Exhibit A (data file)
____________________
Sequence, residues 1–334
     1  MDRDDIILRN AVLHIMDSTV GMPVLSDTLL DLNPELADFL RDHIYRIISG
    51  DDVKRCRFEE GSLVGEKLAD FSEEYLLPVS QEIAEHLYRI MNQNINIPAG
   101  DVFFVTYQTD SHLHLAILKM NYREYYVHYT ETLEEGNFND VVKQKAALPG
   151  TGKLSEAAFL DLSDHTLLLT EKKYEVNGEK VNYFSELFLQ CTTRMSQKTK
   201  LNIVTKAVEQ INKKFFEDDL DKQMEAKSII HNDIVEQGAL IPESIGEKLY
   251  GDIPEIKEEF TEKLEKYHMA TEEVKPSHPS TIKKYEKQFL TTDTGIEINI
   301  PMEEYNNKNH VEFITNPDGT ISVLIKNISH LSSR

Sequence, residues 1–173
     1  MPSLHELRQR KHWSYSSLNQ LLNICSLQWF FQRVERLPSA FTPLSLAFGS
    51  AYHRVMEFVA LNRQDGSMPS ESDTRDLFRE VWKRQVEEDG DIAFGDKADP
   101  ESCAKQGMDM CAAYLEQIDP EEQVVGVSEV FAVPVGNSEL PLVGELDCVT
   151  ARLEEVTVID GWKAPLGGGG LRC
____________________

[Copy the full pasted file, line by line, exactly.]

Sequence, residues 1–334
     1  MDRDDIILRN AVLHIMDSTV GMPVLSDTLL DLNPELADFL RDHIYRIISG
    51  DDVKRCRFEE GSLVGEKLAD FSEEYLLPVS QEIAEHLYRI MNQNINIPAG
   101  DVFFVTYQTD SHLHLAILKM NYREYYVHYT ETLEEGNFND VVKQKAALPG
   151  TGKLSEAAFL DLSDHTLLLT EKKYEVNGEK VNYFSELFLQ CTTRMSQKTK
   201  LNIVTKAVEQ INKKFFEDDL DKQMEAKSII HNDIVEQGAL IPESIGEKLY
   251  GDIPEIKEEF TEKLEKYHMA TEEVKPSHPS TIKKYEKQFL TTDTGIEINI
   301  PMEEYNNKNH VEFITNPDGT ISVLIKNISH LSSR

Sequence, residues 1–173
     1  MPSLHELRQR KHWSYSSLNQ LLNICSLQWF FQRVERLPSA FTPLSLAFGS
    51  AYHRVMEFVA LNRQDGSMPS ESDTRDLFRE VWKRQVEEDG DIAFGDKADP
   101  ESCAKQGMDM CAAYLEQIDP EEQVVGVSEV FAVPVGNSEL PLVGELDCVT
   151  ARLEEVTVID GWKAPLGGGG LRC